Background: Osteosarcoma (OS) is a high-grade bone sarcoma with early metastasis potential, and the clinical chemotherapy drugs that are currently used for its treatment have some limitations. Recently, several studies have reported the selective antitumor effect of oleandrin on various tumor cells. In this study, we aimed to evaluate the effects and underlying mechanisms of oleandrin on OS cells.
Methods: The effect of oleandrin on the proliferation, morphology, and apoptosis of U2OS and SaOS-2 cells were analyzed in vitro. The activity of the Wnt/β-catenin signaling pathway was determined using a dual luciferase assay. Semi-quantitative RT-PCR and western blot assays were performed to evaluate the mRNA and total protein expression of the downstream target genes. Changes of β-catenin in intracellular localization were also explored using a western blot after separating the nucleus and cytoplasm proteins. The MMP-2 and MMP-9 enzymatic activities were determined using gelatin zymography.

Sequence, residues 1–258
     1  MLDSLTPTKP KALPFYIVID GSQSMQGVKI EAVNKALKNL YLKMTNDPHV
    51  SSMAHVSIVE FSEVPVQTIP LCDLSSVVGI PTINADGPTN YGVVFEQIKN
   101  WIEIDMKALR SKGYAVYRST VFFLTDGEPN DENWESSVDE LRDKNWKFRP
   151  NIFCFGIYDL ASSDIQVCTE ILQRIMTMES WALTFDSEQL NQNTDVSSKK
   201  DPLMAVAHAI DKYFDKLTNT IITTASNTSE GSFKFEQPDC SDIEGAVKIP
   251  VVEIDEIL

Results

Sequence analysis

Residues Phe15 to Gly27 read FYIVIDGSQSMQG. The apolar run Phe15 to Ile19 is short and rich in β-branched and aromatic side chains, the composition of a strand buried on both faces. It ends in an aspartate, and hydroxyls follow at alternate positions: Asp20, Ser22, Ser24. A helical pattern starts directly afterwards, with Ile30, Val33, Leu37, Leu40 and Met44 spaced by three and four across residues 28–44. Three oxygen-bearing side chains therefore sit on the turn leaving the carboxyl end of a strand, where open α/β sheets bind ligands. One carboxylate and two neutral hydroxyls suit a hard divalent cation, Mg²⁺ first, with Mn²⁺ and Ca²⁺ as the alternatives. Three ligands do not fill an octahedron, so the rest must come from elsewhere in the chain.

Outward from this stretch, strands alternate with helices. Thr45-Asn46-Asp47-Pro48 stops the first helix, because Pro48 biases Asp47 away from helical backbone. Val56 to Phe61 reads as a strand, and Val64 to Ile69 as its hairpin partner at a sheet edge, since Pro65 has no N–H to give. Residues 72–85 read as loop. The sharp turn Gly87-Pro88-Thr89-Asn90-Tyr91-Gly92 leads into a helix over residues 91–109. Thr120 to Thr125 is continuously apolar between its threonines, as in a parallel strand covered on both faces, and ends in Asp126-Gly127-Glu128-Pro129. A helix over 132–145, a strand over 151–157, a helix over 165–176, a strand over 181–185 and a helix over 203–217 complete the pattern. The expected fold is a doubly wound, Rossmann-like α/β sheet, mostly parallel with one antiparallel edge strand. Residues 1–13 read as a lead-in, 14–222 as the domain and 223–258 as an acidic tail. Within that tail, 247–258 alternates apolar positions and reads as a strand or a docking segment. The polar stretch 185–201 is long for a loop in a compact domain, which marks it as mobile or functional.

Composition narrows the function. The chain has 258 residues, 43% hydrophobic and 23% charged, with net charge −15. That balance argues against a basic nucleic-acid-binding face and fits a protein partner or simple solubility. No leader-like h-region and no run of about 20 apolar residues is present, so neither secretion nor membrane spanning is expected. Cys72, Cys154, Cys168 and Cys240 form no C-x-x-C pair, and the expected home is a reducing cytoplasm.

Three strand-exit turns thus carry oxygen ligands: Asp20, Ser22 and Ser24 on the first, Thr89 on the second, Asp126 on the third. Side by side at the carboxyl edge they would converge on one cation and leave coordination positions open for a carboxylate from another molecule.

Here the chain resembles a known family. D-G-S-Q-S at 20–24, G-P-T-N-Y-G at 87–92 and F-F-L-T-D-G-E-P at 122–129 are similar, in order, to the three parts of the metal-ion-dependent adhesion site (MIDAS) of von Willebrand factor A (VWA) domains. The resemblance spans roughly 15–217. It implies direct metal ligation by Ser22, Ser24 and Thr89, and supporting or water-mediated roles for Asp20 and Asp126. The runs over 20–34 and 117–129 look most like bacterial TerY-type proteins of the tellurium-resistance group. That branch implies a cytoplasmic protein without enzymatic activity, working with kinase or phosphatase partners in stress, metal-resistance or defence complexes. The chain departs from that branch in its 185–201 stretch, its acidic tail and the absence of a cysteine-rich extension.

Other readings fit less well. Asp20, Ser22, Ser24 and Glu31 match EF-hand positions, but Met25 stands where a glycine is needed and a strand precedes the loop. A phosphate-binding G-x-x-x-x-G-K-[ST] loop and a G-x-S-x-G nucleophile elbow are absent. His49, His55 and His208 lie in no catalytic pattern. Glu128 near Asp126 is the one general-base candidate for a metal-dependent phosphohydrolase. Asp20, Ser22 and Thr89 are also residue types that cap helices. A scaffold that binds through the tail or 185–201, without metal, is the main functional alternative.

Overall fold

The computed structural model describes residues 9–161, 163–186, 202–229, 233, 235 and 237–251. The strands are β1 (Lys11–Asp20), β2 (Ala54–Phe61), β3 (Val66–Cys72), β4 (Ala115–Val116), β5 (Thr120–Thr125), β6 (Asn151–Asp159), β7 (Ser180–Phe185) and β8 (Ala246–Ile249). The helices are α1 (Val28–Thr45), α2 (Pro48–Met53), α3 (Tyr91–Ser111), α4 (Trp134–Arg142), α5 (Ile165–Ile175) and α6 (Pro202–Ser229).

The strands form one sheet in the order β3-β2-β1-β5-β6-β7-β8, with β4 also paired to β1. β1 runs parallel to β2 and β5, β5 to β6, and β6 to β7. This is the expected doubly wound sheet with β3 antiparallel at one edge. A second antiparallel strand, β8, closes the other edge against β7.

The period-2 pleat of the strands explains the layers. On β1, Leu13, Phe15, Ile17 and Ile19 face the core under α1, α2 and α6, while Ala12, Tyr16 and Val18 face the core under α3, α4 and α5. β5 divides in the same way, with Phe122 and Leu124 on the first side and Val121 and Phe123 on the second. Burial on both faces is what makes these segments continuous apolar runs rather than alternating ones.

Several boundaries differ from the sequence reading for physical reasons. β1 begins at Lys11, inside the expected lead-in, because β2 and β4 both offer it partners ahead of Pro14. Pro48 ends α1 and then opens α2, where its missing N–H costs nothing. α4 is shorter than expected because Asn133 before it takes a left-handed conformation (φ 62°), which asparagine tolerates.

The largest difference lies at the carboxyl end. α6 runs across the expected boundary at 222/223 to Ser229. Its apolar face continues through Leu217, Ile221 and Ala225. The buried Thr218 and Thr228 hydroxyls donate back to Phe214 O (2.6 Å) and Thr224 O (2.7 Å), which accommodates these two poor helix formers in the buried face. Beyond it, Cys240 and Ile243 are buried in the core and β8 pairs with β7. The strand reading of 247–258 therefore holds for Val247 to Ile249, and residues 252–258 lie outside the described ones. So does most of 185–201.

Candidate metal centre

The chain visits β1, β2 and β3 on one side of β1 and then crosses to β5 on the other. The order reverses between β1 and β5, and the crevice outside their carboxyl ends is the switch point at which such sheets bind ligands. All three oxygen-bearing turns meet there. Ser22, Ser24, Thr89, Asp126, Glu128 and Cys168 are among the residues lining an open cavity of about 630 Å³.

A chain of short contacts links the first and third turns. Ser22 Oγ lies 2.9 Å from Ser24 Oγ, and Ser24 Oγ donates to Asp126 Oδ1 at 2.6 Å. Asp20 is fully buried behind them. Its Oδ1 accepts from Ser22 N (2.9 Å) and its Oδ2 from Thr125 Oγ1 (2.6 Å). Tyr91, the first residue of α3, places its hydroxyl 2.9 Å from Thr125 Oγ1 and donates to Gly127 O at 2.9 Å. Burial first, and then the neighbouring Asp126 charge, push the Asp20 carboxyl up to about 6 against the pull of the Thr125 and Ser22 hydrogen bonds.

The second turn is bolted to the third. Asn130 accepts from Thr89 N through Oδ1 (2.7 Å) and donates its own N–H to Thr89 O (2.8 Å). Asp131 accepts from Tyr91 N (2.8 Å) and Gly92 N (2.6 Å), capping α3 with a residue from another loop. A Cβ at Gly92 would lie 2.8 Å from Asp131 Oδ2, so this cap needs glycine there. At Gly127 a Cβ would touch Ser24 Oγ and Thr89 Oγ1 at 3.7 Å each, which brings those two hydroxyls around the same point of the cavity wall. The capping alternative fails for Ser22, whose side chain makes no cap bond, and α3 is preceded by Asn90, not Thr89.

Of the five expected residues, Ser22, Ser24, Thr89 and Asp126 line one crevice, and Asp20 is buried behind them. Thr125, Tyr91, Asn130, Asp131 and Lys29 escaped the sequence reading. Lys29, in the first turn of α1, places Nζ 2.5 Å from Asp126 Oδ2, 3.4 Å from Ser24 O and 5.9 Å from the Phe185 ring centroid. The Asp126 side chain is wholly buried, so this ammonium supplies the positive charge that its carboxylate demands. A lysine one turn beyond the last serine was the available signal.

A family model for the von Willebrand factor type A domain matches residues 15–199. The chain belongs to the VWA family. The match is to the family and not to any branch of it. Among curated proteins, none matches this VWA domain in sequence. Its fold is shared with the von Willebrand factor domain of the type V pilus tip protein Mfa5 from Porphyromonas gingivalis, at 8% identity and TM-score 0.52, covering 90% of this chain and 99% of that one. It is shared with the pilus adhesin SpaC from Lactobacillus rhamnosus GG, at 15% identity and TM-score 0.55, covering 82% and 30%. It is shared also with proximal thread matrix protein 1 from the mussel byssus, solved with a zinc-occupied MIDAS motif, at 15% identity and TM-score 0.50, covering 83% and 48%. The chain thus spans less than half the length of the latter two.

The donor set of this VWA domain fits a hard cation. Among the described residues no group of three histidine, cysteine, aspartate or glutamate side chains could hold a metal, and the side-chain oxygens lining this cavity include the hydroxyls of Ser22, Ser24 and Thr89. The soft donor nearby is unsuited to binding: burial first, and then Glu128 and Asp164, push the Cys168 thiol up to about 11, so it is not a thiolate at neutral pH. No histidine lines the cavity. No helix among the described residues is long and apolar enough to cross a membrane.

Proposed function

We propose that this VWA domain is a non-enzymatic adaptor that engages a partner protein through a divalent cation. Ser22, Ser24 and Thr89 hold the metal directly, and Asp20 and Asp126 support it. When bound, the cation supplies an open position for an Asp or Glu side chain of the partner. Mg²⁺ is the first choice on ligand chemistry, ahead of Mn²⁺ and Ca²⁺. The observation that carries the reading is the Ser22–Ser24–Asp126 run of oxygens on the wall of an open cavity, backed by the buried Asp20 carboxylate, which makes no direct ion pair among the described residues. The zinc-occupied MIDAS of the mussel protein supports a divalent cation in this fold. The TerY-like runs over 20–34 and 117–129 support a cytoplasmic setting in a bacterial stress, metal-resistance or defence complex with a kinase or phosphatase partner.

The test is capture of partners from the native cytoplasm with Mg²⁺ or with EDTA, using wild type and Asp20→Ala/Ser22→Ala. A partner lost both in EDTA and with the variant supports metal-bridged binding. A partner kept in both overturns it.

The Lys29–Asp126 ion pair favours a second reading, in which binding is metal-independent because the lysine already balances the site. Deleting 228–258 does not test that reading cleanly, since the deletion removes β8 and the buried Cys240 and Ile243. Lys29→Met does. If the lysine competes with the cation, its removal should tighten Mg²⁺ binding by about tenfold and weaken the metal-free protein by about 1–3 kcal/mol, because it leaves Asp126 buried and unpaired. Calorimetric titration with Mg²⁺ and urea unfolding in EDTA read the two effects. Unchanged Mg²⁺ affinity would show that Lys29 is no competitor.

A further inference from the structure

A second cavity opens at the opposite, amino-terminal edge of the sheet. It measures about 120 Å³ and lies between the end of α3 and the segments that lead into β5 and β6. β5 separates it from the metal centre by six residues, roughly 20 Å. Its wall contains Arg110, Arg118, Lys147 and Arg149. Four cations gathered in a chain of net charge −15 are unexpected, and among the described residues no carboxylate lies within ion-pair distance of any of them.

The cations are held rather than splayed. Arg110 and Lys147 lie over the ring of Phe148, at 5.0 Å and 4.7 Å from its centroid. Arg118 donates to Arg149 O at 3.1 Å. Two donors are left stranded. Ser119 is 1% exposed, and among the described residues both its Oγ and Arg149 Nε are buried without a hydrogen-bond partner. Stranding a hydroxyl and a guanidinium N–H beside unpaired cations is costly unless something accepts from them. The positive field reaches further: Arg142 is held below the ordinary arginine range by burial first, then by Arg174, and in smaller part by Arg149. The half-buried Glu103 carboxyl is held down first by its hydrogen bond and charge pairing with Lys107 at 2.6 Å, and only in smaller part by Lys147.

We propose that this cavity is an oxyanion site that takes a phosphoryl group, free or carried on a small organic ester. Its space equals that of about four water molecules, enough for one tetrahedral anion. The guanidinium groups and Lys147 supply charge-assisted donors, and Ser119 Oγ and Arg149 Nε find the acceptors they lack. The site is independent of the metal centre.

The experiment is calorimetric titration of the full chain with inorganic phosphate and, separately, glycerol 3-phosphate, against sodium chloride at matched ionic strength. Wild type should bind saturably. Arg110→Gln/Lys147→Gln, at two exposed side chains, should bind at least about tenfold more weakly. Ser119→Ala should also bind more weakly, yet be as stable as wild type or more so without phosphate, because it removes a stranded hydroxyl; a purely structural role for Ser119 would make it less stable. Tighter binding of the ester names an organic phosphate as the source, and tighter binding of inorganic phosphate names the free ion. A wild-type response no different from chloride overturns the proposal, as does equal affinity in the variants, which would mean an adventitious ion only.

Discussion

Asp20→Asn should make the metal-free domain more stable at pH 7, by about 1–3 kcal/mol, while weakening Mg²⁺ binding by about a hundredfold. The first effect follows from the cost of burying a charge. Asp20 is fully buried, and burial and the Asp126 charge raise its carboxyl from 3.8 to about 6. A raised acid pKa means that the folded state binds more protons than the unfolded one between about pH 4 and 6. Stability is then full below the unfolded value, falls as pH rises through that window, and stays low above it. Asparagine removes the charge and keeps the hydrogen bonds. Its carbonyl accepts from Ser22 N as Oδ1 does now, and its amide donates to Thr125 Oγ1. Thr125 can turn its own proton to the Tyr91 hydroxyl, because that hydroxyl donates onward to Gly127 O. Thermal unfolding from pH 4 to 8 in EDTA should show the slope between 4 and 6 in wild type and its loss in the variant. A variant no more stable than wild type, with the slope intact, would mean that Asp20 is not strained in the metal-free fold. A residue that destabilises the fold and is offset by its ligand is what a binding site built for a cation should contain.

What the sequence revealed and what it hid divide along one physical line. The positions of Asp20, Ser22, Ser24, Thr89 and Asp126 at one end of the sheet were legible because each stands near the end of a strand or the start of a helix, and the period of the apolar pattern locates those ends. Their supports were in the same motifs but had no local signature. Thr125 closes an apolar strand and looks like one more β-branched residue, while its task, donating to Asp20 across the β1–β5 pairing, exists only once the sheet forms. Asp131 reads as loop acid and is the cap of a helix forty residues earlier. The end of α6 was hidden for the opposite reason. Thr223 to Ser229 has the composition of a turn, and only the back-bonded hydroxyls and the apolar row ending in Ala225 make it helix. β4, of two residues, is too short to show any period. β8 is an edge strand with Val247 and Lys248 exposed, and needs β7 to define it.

Results: Oleandrin significantly inhibited the proliferation and invasion of OS cells in vitro, and induced their apoptosis. After treatment with oleandrin, the TOP/FOP flash ratio in OS cells was noticeably decreased, which indicated that the Wnt/β-catenin signaling pathway was repressed. The expression of related Wnt target genes and total β-catenin was downregulated, and a reduced nuclear β-catenin level by oleandrin was observed as well. In addition, oleandrin suppressed the activities of MMP-2 and MMP-9.
Conclusions: Oleandrin, in vitro, exerted a strong antitumor effect on human OS cells by suppressing the Wnt/β-catenin signaling pathway, which interfered with the proliferation and invasion of OS cells, as well as induced cells apoptosis. Moreover, the expression and activities of MMP-2 and MMP-9 were downregulated by oleandrin, which contributed to the cells' lower invasiveness.